COAL: Dirty Dart Volume Three


From the salvage yard to the street, the Dirty Dart rises to face the potholes and texting drivers of modern society. Is that a happy thing?


I’ve probably driven the Dart 200 or 250 miles since my last update, which is not bad considering I own five other vehicles.  I have replaced the original plywood load floor (yep, plywood) with a much classier piece of 1/2 inch particle board.  10 bucks at Menard’s and I can now carry items in the back–woo hoo!


This sucker is a bit of a leaker, however.  I replaced the pinion seal, which dried that leak up.  Approximately five miles from the time I started the engine, the water pump developed a significant leak from the weep hole, so I swapped in a 20 dollar remanufactured pump.  This is a good thing about old cars, and the slant six in particular: the water pump, from start to finish, took 1.5 hours to replace, and I was not rushing.

My transmission guy replaced the A-903 (Never heard of it? Neither has anybody else!) three-speed’s unavailable gaskets with RTV, which sealed up those prodigious leaks, but it’s still leaking from the shift shaft seals.  I’ll leave those two until I feel like tilting the transmission over to replace them.  The engine is dripping oil from a bunch of places–I think it has a bit of a rear main leak, and I’m not touching that one for now…that’s why I have drip pans in the garage.  The other day, I replaced the spark plug tube seals to eliminate them as a possibility.


My saintly mother took a two-day period to “deickify” the interior, and she wants to go over it again.  New carpeting and door weatherstripping are next on the list, and I still need to adjust the windshield wiper parking location.  I had to install aftermarket temp and oil pressure gauges, because I have a feeling my dashboard’s printed circuit has seen better days.  The temperature gauge was working (but reading high), but now it reads low, low, low all the time (it does have voltage at the bulkhead connector, and the IVR is working).  I still haven’t demystified the fuel gauge, but the problem does not lie with the sender.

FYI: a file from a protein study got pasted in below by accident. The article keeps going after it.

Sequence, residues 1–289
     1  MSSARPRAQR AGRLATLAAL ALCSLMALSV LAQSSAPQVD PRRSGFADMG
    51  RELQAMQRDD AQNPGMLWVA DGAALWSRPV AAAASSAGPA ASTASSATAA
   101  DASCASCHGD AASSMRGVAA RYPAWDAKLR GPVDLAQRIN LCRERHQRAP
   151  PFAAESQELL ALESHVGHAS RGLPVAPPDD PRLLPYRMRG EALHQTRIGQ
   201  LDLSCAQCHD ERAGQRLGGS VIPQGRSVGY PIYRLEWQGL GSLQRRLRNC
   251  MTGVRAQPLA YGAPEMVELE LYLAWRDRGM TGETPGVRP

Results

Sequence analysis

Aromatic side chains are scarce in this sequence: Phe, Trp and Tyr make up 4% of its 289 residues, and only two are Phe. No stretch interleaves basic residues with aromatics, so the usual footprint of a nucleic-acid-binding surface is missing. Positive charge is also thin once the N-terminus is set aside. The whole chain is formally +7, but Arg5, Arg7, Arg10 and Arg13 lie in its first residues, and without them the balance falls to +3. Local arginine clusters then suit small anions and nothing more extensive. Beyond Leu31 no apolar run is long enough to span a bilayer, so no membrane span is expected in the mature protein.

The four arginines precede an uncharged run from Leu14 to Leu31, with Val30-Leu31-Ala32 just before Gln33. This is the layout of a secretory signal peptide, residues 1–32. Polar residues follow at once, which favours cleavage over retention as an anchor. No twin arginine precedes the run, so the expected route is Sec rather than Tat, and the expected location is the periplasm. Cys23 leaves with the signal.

When I bought the Dirty Dart, I joined a website called “For A-Bodies Only,” and a member from southern Michigan gave me a front bumper and some other odds and ends for free!  He didn’t want any money, only to clean out his garage a bit, and told me he would have scrapped it if I didn’t want it.  Sold!  I picked it all up after I went to the Motor Muster car show in Dearborn.  Compared to the ugly, bent, rusty bumper it came with, this is a huge improvement.


If anybody has a “Bevis Dodge Inc. Little Rock, Ark.” badge you’d like to sell me, let me know!  Most people I’ve talked to urge me to leave the Dart’s exterior as-is, with peeling paint and patina galore.  That jives with my feelings on the subject as I drive the car around.  I always ask, “will I enjoy this car more if I do “fill in blank” to it?”. In the Dart’s case, I don’t think I will if I paint it.  It’s kind of cool as-is, in a dorky way, of course.


So, there’s the Dirty Dart for now.  Little stuff keeps breaking as I drive, and it tried to kill me the other day when the fast idle cam screw came loose and jammed the throttle halfway down, but I keep trying to work the bugs out.  The other day, I decided to put the Dart at my off-site storage spot and work on the other cars.  Absence makes the heart grown fonder, at least for a few weeks.